First things first. The recipe for “Jane’s Cheese Ball” in my last column (July 5) was misleading. She had called for “2 cups of pecans, divided,” but I failed to add that the pecans should be chopped. Thanks to my friend, Bob, for pointing that out to me.
I am most definitely not a food or restaurant critic. And I’m not a professional food journalist. I do read a lot of food writing and understand that there is technique, talent and skill involved in it. That being said, I am a stickler for service. I realize that I may order a dish and not like it. But if the dish was prepared correctly and is in line with the menu description, I just write it off to not enjoying that particular item. If prepared with no care (undercooked, overcooked, plated sloppily), then we have a problem. If the server recognizes the problem and takes ownership of it, then things are looking up. If neither the server nor the manager give a darn, then we’re back to the problem, but now it is magnified. Terry and I don’t feel we ask for much — just to please cook what you advertise with love and respect for the customer, be it a hot dog or a steak or sea urchin.
We recently had two experiences in Jasper, Alabama. Our family was leaving after a week with us, and we decided to have a farewell lunch at our favorite pizza spot. This place has really, really good pizza, calzones and so on. They had moved to a new location so we were looking forward to going. We got there a little after 12:30 p.m. and were greeted with a “how many” and no smile. By gesture only, I knew to follow her to a table. The rush was apparently over, and one table had been seated before us and two after us. We recognized our server from another restaurant and greeted her enthusiastically. She got our drinks and took our order, all from the lunch specials section of the menu. And then we waited, and waited and waited.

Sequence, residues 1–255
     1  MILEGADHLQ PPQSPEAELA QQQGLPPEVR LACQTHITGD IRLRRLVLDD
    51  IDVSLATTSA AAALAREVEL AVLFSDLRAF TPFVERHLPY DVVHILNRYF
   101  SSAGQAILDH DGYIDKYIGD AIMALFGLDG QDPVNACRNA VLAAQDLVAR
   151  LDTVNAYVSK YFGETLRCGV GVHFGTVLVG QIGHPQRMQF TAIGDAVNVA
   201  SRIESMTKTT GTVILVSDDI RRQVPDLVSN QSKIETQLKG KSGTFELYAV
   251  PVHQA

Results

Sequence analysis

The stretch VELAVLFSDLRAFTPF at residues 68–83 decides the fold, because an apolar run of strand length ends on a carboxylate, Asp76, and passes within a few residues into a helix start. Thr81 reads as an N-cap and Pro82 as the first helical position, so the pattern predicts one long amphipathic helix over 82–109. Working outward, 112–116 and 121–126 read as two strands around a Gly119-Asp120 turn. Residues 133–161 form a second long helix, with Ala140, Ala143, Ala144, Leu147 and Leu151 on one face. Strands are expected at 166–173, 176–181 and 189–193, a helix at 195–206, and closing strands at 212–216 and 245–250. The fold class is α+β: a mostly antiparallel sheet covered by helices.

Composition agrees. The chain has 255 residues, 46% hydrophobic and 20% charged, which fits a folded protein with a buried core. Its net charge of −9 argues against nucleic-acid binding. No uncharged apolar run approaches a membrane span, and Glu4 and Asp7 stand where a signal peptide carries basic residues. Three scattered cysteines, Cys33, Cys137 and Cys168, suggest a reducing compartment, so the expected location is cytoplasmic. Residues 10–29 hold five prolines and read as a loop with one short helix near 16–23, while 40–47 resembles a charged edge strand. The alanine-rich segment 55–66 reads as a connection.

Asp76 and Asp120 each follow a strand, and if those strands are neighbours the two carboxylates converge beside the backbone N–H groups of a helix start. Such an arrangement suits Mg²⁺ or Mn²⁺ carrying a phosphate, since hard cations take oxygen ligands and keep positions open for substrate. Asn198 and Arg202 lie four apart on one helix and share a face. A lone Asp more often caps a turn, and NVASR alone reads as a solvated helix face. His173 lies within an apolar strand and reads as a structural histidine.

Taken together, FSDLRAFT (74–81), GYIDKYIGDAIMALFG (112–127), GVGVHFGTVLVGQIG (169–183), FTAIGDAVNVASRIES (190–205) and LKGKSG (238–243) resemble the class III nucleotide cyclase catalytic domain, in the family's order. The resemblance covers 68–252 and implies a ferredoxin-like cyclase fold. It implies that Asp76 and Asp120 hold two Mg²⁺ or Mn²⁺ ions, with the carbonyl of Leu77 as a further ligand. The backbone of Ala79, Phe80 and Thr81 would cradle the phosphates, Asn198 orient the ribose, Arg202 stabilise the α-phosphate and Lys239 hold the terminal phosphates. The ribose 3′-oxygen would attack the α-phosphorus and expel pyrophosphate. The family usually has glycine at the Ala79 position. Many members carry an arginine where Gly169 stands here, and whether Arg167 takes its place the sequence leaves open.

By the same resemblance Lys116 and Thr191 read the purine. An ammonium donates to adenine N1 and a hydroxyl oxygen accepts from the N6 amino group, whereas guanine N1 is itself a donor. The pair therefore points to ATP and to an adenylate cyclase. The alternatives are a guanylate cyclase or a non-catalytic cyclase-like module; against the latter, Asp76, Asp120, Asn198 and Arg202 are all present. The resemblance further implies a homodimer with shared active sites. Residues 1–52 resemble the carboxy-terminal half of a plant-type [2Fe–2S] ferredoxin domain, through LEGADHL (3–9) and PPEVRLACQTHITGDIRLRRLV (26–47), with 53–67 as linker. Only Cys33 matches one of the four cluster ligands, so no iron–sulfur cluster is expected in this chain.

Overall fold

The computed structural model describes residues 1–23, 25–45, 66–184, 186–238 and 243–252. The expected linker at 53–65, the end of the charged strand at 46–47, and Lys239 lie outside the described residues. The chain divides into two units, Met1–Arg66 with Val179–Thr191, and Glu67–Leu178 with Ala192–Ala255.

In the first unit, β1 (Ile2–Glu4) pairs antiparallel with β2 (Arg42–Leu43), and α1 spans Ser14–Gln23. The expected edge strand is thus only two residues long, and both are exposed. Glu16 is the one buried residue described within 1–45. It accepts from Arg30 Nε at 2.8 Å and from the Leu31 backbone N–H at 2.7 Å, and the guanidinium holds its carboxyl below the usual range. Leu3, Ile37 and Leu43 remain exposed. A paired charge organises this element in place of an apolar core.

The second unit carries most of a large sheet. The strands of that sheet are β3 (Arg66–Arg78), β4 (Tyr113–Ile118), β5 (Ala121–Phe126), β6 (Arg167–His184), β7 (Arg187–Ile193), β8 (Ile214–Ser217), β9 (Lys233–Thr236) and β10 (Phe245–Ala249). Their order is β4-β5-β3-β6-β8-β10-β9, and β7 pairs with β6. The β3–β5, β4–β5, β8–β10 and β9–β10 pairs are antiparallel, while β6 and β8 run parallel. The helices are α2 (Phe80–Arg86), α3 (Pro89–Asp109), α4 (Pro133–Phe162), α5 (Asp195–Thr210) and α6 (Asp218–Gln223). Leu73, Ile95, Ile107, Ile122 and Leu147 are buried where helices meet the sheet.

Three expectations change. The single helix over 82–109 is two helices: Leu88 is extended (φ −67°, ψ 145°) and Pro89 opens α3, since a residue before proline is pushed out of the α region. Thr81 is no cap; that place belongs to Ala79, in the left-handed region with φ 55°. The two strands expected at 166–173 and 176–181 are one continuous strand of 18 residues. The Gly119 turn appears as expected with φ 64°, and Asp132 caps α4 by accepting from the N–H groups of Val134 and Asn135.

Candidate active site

The table right before us and the two seated after us received their food. No one else came in. The server apologized and told us it would be five minutes. Fifteen minutes passed, no food. My son-in-law got up and approached the server to ask what the problem was. Our food arrived 10 minutes later. It was all good, and it was all hot, especially the raw-on-the-inside French fries. No manager ever came to the table to apologize. No complimentary garlic knots were sent to assuage the hunger of the kids. Nothing was taken off of the bill. Nada, nothing, zero. Just a “How’s everything?” once the plates were served. We had informed our server that we needed to be leaving at 1:15. We left at 2.